Editors Note: Today we are happy to present a guest perspective from a former debt collector.
Too many individuals in this country have the mentality that they have to keep up with the Jones’. For students, that mentality can get them into trouble before they even earn a degree or get that first real job. As a debt collections specialist, I’ve experienced far too many individuals that take a laissez-faire attitude to entering into debt. Unfortunately, they have the mistaken attitude that a college education equates to a high debt load.
It doesn’t have to be that way. But before we look at some avenues for keeping student debt manageable, consider these sobering statistics: Student loan debt ranks second in all forms of consumer debt, only coming in behind mortgages. In fact, student loan debt now exceeds $1 trillion. In the last eight years the amount of student loan debt has risen nearly 300 percent.
However, college education doesn’t have to come with a huge debt. The following are some strategies for keeping your student loans from overwhelming you:
Get educated, before you get educated. This applies to the parents more so than their college students. Far too many individuals that I have dealt with in collections struggle with financial competence. They come from all walks of life and tax brackets. Many take out a student loan thinking just because they qualify then it must mean they’ll be able to pay it off. Haven’t we been down this same road with the mortgage crisis?
Parents and students alike need to educate themselves about the reality of debt and seriously consider what they will get in return for the amount they are willing to sign for. In reality, will the price tag for that liberal arts degree be affordable with the job you get after graduation?
Don’t take debt as a given. An education doesn’t have to plunge you deep into debt. If you are unable to afford a school without going deep into debt then consider another school. Look for other schools offering the same program along with grants or lower tuition. Take advantage of the many, many scholarships available. Even though many may only offer a few hundred dollars, they are worth applying for in mass. A small scholarship amount means that much less money you have to pay off later on.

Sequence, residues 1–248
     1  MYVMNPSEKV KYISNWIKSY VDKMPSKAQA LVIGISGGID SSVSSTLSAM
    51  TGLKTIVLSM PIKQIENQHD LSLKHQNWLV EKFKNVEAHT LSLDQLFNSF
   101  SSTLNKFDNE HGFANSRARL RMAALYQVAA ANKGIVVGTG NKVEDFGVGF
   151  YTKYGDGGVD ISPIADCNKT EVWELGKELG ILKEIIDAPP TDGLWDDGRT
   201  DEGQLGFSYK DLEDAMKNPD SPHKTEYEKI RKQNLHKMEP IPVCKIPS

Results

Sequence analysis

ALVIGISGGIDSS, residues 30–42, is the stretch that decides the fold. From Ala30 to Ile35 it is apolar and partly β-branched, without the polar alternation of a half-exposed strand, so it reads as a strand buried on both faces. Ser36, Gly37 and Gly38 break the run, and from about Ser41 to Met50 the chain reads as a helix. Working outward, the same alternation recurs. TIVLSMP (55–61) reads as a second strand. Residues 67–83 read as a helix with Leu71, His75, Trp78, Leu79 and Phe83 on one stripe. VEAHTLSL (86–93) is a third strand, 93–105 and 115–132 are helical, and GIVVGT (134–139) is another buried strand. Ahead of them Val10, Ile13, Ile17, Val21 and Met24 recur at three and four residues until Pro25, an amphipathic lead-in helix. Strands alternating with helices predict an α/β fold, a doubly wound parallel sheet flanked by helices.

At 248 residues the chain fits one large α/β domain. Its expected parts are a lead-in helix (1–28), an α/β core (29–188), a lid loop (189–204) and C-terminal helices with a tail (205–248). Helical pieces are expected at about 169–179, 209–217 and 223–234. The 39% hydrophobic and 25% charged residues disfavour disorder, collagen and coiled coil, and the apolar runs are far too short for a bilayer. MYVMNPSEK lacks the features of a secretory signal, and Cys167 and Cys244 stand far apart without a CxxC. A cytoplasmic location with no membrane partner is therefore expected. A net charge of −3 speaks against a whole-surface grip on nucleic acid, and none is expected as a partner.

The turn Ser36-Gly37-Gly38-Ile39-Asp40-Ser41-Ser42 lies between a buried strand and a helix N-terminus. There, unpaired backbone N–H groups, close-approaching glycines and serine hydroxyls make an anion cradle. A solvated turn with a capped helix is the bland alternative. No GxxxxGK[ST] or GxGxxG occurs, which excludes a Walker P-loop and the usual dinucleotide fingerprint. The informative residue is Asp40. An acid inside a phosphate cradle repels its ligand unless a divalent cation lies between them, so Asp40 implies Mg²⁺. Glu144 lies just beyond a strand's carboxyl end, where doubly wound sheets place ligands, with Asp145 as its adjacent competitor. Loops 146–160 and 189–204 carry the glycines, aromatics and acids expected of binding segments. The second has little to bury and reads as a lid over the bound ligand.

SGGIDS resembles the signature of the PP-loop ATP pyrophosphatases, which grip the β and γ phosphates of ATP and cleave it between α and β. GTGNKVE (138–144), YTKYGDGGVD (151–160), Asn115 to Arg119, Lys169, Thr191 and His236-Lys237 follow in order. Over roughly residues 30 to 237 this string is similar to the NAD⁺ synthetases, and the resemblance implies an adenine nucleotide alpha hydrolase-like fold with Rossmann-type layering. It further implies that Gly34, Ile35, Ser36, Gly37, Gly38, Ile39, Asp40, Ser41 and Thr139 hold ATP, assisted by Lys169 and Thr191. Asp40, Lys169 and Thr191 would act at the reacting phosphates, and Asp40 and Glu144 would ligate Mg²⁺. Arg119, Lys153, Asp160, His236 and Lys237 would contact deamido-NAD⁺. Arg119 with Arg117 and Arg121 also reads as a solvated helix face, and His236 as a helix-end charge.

Start saving now. Save up as much money as you can now to pay for your education. Live frugally and save up the money you make during summer break. Find a part time job during school to help with expenses. I’ve found that too many individuals have a hard time grasping the concept that saving a few dollars here and there eventually add up. That’s money that can be put towards school now that won’t come with a hefty interest charge later on.
Think ahead. A college education doesn’t equate to a job after graduation. With that in mind, look into fields of study that will land you gainful employment. Consider all your options. If you want to go into the medical field, don’t overlook two year programs that may offer a more promising career than what you’ll find with a four year degree.
Consider all options. Taking a year off to work and save up money for school may be a viable alternative to jumping into debt for an education where you don’t have a clear major in mind. It will save you money and headaches down the road. Take as many online classes as you can. They are often cheaper and offer the same credits as traditional classes.
About the Author:
Gale Newell writes about the dangers of too much debt and reviews debt settlement companies for Top Consumer Reviews. As a former debt collections specialist, she strives to educate her readers about the proper use of debt as well as the consequences of acquiring too much debt.